Trying to build authentication from scratch is like trying to hold in diarrhea while meeting your future in-laws — it’s painful, complicated, and you’re one wrong step away from a complete disaster.

That’s why we’re huge fans of FusionAuth.

They’re a complete auth solution that takes care of all the gross stuff like SSO, MFA, WebAuthn, user management, and security — and if you don’t know what one or more of these things are… you probably need it.

Their Free Community version is surprisingly robust (no credit card, no limits, and it’s free forever if you self host 🙏). That makes it great to learn with or use for side projects, but it also has a pretty seamless integration process for existing apps.

And if you ever get stuck, you can call their support line and talk to an actual engineer who really knows auth — instead of just typing your questions into a support chat box that no one will read (like some other auth companies I know).

Check it out and never worry about auth again.

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The Job Board

Senior or Staff Front-end Engineer
100% Remote

Close.com is looking for an experienced React developer to help design and implement major user-facing features. Close is a 100% globally distributed team of 65 happy people, dedicated to building a product our customers love.

Senior Full Stack Engineer
Remote friendly

Motion is looking for experienced TypeScript engineers to build the next generation of productivity tools. You'll inform key frontend architectural decisions that help Motion scale the next 2 order of magnitudes, create delightful user-facing features, and improve application performance. We are an ambitious team of 15 people distributed remotely across North America.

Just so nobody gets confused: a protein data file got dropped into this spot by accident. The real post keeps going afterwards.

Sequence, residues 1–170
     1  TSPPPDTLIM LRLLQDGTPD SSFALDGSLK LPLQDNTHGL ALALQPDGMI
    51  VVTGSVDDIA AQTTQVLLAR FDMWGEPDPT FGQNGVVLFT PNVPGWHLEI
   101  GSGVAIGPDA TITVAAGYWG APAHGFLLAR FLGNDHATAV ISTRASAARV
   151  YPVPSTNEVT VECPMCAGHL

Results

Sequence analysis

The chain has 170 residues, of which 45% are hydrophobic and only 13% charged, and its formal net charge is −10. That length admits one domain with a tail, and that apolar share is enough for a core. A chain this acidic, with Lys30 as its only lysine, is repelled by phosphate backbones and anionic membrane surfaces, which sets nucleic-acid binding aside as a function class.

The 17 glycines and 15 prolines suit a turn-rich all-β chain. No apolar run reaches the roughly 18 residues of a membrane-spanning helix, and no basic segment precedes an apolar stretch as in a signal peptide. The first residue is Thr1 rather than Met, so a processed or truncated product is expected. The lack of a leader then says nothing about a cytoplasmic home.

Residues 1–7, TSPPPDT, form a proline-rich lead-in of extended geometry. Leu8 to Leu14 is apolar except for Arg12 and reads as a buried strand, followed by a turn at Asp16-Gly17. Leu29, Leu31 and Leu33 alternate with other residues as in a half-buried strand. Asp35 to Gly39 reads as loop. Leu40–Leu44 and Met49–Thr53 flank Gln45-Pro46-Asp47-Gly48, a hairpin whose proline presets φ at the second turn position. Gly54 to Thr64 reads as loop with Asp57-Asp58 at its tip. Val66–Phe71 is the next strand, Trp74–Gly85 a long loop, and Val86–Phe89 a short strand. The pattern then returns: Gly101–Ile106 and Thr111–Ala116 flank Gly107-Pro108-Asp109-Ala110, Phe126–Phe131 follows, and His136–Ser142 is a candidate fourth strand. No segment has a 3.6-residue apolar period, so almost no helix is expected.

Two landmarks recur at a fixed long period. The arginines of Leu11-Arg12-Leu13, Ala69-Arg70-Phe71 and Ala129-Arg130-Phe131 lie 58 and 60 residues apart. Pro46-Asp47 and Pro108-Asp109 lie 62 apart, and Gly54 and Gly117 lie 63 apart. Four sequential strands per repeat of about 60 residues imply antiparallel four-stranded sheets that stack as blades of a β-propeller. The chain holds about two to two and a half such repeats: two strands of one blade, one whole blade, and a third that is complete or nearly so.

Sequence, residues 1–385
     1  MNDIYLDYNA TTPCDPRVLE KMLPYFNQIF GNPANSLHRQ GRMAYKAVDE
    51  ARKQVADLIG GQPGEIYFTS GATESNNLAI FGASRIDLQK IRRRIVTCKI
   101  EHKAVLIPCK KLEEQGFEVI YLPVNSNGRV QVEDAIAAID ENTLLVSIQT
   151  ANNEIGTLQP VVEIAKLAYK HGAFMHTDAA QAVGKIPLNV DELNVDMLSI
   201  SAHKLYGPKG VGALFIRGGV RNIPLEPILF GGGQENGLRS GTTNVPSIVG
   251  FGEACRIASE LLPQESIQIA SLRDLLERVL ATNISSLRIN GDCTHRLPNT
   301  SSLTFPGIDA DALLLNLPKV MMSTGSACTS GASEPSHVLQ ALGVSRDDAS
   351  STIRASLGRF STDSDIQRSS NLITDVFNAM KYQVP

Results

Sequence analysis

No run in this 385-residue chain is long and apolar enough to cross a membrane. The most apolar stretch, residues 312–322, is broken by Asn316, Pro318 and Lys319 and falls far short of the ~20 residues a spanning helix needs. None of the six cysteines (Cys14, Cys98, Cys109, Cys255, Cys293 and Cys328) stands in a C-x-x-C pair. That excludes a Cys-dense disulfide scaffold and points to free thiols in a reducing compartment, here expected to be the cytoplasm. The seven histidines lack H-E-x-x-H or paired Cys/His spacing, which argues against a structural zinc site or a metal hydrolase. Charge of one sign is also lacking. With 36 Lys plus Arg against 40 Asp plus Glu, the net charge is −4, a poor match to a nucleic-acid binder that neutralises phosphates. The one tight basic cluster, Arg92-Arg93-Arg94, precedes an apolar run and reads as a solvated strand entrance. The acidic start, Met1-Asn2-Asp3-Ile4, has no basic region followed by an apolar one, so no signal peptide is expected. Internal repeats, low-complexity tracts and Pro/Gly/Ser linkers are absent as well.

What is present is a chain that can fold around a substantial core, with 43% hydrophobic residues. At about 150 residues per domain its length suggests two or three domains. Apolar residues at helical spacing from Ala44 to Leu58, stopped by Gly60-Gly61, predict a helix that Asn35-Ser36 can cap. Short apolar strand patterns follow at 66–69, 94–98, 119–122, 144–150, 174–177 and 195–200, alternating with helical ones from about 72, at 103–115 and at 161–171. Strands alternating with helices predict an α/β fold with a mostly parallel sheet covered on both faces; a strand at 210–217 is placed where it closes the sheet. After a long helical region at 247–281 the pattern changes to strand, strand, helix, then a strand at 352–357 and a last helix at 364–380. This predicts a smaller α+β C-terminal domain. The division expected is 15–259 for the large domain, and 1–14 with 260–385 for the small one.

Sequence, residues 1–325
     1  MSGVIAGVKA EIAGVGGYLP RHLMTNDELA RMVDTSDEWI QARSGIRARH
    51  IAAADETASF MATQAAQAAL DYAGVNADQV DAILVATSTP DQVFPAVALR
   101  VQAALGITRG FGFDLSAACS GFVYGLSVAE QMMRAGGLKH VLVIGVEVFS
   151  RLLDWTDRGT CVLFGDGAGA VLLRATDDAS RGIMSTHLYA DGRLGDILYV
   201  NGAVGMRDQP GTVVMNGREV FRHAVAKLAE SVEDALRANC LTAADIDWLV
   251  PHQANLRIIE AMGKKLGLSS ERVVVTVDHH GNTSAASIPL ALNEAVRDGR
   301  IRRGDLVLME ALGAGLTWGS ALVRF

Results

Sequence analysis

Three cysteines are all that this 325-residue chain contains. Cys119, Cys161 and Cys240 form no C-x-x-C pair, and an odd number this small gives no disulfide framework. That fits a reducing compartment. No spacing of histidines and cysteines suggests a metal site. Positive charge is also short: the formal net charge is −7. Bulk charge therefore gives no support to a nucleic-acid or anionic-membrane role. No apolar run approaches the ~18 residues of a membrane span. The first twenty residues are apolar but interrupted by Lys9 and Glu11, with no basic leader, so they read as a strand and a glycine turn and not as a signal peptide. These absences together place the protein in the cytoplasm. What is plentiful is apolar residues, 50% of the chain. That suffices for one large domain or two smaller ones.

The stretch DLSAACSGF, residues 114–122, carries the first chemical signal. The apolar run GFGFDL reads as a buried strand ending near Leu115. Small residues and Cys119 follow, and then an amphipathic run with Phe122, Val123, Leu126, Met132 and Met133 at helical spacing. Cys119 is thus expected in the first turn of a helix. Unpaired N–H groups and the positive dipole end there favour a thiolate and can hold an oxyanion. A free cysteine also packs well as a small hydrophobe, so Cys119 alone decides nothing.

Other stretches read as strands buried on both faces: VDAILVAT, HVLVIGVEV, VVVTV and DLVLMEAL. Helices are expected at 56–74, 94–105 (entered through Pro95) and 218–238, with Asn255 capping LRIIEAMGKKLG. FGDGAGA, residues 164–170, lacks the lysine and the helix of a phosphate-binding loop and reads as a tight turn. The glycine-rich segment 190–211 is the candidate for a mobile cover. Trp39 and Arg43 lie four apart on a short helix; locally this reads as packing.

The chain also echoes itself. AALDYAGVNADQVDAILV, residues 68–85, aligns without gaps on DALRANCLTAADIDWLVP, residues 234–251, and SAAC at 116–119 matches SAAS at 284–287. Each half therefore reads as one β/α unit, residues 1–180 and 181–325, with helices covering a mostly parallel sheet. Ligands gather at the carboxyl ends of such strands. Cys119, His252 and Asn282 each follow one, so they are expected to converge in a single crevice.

Cloud Architect
US-based Remote

Capco is the largest financial services consulting firm in the world, and they're looking for an experienced cloud engineer to lead new projects for their clients, which ranges from FinTech companies to global banks.

Powered By: hackajob logo

Lead Technical Architect
Application Infrastructure

The UK Home Office is looking for an experienced engineer to help define, own, and contribute to its technical roadmap and strategy as they build applications and services used by the UK government and its citizens.

Powered By: hackajob logo

Software Engineer - Frontend
React + TS

As a frontend engineer at Phantom, you’ll help create delightful user experiences, contribute to cross-platform client infrastructure, and craft web3 developer SDKs for Phantom's crypto wallet that's used by millions.

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Pop Quiz

Sponsored by Sleuth

They made this free white paper about how to track DORA metrics accurately, so you can improve your team’s efficiency without making them hate you.

Shout out to MapleLead for this one. What gets logged?

let i = 0

function x() {
  return 10

i += x()

console.log(i) // ?

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Cool Bits